We are increasingly approached by older men who have been diagnosed with prostate cancer and whose age seems to be the main driver of the treatment they are offered, overlooking their overall health, fitness, and outlook. It’s a very common – and a very emotional – complaint, especially coming from men who are 70+ and extremely fit, mentally alert, sexually active and positive about life.
These men may not be your “typical” 70-year-olds — which begs the question, what is typical? The current models for lifespan are being challenged all the time. How do we draw the line on age-based treatment – or should we do it at all?
Not everyone has access to a clinical team that draws out the broader and deeper information that comes from a holistic approach to patient engagement, and which ultimately delivers a more personalised treatment plan. But the emerging science of longevity may help us to better understand many aspects of older men’s health, which in turn may lead to more appropriate, and personalised, treatments for diseases such as prostate cancer.
So what are the key features of longevity science, and how can you learn more about it? Below is a rough overview.
Biological age vs Chronological age
Chronological age is what we all know as the amount of time passed from your birth to a given date, measured in years, months, days, etc.
Also known as physiological or functional age, biological age differs from chronological age because it is based on factors other than just the day you were born, and these factors are, unlike the length of time that you’ve been alive, things you can influence and even control. They include measures at the cellular and tissue level, often defined by biomarkers.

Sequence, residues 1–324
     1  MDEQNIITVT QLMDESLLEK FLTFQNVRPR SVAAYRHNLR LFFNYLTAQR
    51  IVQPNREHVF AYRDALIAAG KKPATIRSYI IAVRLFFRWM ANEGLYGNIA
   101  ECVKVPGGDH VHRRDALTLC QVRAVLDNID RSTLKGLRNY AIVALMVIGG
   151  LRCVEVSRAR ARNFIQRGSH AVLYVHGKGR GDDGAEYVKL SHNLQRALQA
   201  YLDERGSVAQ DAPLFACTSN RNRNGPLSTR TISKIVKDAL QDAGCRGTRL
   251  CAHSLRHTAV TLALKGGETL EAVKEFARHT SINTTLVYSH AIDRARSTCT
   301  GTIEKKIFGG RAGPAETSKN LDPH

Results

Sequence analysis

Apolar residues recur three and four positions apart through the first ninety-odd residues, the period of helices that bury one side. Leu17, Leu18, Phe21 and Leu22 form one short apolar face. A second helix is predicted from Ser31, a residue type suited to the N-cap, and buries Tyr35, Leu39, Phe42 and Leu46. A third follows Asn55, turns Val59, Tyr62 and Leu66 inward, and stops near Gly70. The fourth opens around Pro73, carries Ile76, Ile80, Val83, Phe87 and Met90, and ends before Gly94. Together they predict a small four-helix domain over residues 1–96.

Biomarkers are biological molecules found in blood, other body fluids, or tissues that provide signs of a normal or abnormal process, or of a condition or disease. Men will be familiar with PSA, a biomarker that signals irregularities in the prostate.
A biomarker may be used to see how well the body responds to a treatment for a disease or condition. Longevity scientists are identifying biomarkers and developing techniques to measure, analyse and evaluate biological age with them.
Longevity scientists work with vast amounts of data to build predictive models on ageing. The more data on any individual that’s collected over his lifetime, the more can be understood and predicted about his health which creates opportunities for more personalised interventions.
Many of the biomarkers of ageing can be impacted by changes in individual behaviour, including diet and exercise. Longevity scientists have undertaken numerous studies to demonstrate this, and advocate for individual ownership of health data so people can build a deeper understanding of the links between their health and their behaviours. This in turn can lead to more self-advocacy and confidence in seeking information and second opinions about their healthcare.
Language and engagement around ageing
Tina Woods, an expert on longevity research and policy, describes this as perhaps the most important element of integrating the science of longevity into our lives and practice. The language of ageing can get very emotive and contentious, — terms like “elderly” “frail” and “aged” are increasingly seen as offensive and even discriminatory — and as language is our means to communicate it’s important to address this and develop a language that both respects and motivates all individuals and societies as they age. Tina joined a recent OnFocus podcast to discuss how the language of ageing influences our thinking and behaviours.
Most longevity scientists are aiming to give all of us the tools to control our own health and healthcare, and for clinicians to provide more personalised approaches to medical interventions. If this approach to your age and health interests you, you can investigate further by going here:
International Longevity Centre UK.
The Sinclair Lab